3. Adam Clarke, Commentary: "More sacrifice; as if he had said; Abel, by faith, made more than one offering; and hence it is said, God testified of his GIFTS, tois dorois. The plain state of the case seems to have been this; Cain and Abel both brought offerings to the altar of God, probably the altar erected for the family worship. As Cain was a husbandman, he brought a mincha, or eucharistic offering, of the fruits of the ground, by which he acknowledged the being and providence of God. Abel, being a shepherd or a feeder of cattle, brought, not only the eucharistic offering, of the fruits of the ground, but also of the produce of his flock as a sin-offering to God, by which he acknowledged his own sinfulness, Gods justice and mercy, as well as his being and providence. Cain, not at all apprehensive of the demerit of sin, or God's holiness, contented himself with the mincha, or thank-offering: this God could not, consistently with his holiness and justice, receive with complacency; the other, as referring to him who was the Lamb slain from the foundation of the world, God could receive, and did particularly testify his approbation. Though the mincha, or eucharistic offering, was a very proper offering in its place, yet this was not received, because there was no sin-offering. The rest of the history is well known.: (For a more detailed and expanded treatment by Clarke, see his comments on Genesis 4:3-5.)

4. James Macknight, Apostolical Epistles: "' Offered to God (pleiona thusian) more sacrifice.' In this translation I have followed the critics, who tell us that pleiona, [an expression] in the comparative degree, signifies more in number rather than more in value. Accordingly they observe, that notwithstanding Cain ought to have offered a sin-offering, he brought only ' of the fruit of the ground an offering to the Lord,' which was no proper sacrifice. But Abel, ' he also brought of the firstlings of his flock, and of the fat thereof'; that is, besides the fruit of the ground, which was one of the gifts mentioned in the following verse,* he also brought the fattest of the firstlings of his flock; so that he offered a sin-offering as well as a meat-offering [that is, a thank-offering], and thereby shewed both is sense of divine goodness and of his own sinfulness. Whereas Cain, having no sense of sin, thought himself obliged to offer nothing but a meat-offering; and made it perhaps not of the first-fruits, or of the best of the fruits."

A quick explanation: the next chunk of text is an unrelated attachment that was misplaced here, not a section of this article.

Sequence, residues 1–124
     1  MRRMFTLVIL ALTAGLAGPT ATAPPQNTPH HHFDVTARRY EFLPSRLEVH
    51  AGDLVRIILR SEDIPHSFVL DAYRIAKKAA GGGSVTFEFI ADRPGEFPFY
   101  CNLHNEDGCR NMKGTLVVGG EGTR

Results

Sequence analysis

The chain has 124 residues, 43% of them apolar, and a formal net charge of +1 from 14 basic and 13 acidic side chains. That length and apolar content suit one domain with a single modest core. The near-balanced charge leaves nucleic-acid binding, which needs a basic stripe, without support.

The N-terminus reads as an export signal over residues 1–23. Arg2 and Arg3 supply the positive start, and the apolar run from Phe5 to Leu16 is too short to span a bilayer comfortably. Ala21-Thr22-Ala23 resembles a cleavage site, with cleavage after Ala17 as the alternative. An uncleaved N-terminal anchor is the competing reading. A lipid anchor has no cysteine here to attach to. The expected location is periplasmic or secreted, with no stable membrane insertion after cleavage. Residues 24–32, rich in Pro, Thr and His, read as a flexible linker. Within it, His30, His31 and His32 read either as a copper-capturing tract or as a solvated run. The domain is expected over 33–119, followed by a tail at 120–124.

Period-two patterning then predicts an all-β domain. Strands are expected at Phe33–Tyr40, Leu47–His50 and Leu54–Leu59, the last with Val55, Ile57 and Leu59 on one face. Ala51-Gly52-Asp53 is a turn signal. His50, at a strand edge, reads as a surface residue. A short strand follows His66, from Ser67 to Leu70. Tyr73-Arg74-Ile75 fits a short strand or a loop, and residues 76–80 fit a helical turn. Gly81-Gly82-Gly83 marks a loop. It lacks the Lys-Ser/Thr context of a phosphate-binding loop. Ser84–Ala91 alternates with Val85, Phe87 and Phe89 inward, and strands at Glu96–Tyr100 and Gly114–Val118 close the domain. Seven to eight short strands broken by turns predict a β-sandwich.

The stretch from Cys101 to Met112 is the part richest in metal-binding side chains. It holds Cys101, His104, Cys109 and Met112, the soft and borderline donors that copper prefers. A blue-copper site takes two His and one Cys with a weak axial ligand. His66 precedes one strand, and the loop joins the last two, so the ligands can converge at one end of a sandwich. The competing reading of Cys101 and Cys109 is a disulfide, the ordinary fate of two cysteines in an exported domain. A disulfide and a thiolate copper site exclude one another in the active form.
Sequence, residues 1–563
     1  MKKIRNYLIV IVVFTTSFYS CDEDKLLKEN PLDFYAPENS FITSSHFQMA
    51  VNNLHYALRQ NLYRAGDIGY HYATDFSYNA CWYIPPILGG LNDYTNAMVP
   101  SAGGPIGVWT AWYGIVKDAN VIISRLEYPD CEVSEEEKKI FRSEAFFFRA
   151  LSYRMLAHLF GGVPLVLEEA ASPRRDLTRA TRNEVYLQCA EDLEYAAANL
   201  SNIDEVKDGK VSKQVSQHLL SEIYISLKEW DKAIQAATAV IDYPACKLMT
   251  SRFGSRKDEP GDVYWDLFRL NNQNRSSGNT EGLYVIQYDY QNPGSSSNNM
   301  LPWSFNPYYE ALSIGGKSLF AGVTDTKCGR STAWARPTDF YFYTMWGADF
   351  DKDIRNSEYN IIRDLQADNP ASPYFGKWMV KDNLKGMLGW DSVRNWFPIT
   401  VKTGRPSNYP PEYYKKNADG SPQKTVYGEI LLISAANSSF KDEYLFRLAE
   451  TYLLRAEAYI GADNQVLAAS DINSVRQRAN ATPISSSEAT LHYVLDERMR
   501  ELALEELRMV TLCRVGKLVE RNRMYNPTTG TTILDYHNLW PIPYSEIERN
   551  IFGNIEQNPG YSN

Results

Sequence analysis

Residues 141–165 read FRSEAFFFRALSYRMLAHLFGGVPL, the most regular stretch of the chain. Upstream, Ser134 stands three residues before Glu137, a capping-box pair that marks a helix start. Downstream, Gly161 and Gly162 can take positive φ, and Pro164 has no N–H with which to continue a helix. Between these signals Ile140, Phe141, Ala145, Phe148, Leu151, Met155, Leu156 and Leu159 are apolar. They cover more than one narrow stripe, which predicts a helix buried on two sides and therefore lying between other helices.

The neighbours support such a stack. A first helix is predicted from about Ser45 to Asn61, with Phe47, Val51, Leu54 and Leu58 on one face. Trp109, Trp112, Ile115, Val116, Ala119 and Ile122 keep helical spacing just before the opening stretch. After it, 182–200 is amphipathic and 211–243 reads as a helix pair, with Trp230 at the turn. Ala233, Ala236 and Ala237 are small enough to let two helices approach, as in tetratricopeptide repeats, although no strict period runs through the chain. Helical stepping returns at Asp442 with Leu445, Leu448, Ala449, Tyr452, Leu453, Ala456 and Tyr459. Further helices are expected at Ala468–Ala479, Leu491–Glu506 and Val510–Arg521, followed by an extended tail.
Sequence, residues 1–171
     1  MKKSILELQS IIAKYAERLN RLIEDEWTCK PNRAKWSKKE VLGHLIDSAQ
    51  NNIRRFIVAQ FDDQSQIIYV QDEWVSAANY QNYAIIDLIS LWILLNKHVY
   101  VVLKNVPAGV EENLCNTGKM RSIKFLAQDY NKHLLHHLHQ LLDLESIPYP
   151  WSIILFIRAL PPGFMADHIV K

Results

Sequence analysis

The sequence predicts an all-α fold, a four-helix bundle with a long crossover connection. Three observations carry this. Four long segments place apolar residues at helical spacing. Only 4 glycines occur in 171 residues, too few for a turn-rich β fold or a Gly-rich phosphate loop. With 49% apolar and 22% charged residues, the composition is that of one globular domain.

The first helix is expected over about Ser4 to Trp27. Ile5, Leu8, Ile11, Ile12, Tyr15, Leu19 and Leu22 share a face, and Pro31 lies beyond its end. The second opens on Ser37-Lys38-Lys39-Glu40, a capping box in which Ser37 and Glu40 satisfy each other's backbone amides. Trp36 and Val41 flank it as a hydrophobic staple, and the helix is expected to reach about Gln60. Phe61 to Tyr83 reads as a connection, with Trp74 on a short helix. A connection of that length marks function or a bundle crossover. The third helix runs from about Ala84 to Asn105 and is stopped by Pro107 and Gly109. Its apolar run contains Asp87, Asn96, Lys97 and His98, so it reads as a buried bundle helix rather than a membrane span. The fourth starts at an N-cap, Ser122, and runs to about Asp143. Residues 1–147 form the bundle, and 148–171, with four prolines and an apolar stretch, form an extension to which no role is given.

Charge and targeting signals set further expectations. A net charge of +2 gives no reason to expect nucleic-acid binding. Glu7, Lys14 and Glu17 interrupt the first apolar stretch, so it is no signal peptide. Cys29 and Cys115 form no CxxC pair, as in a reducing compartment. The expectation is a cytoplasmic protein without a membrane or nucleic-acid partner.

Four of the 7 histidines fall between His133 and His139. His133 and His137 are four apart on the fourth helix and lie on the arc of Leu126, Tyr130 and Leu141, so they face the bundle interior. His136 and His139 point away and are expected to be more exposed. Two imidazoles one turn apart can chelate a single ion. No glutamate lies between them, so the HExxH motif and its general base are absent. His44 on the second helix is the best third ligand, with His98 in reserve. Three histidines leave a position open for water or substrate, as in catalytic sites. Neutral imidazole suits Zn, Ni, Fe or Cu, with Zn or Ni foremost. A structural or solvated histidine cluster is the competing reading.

*Should be same verse, in Hebrews 11, that is, v.4.



1. The conclusion of The Pulpit Commentary as given above, that the offering of Abel was accepted because he was accepted, and not at all on account of the kind of his offering, does not square with all the facts. For the kind of offering he made was the result of his faith, which made him and therefore his offering to be accepted. The Commentary's implication is that if Cain had had the same kind of faith subjectively that Abel had, his offering just as it was objectively would have been "more" than it was, just as Abel's was "more" than his. But surely that is not the whole truth -- for, if he had had the same kind of subjective faith Abel had, he would not have omitted the kind of offering objectively that distinguished Abel's from his.

It seems in order to allow the author of the Genesis section of the above mentioned Commentary to correct the author of the Hebrews section on this point. Beginning with the phrase, "Unto Abel and his offering" (Genesis 4:4), he comments as follows: "Accepting first his person and then his gift (cf. Prov.12:2; 15:8; 2 Cor.8:12). ' The sacrifice was accepted for the man, and not the man for the sacrifice' (Ainsworth); but still ' without a doubt the words of Moses imply that the matter [emphasis added] of Abel's offering was more excellent and suitable than that of Cain's,' and ' one can hardly entertain a doubt that this was the idea of the author of the Epistle to the Hebrews' (Prof. Lindsay, ' Lectures on Hebrews,' Edin. 1867). Abel's sacrifice was pleiona, fuller than Cain's; it had more in it; it had faith, which was wanting in the other. It was also [emphasis added] offered in obedience to Divine prescription. The universal prevalence of sacrifice rather points to Divine prescription than to man's invention as its proper source. Had divine worship been of purely human origin, it is almost certain that greater diversity would have prevailed in its forms. Besides, the fact that the mode of worship was not left to human ingenuity under the law, and that will-worship is specifically condemned under the Christian despensation (Col.2:23), favors the presumption that it was divinely appointed from the first."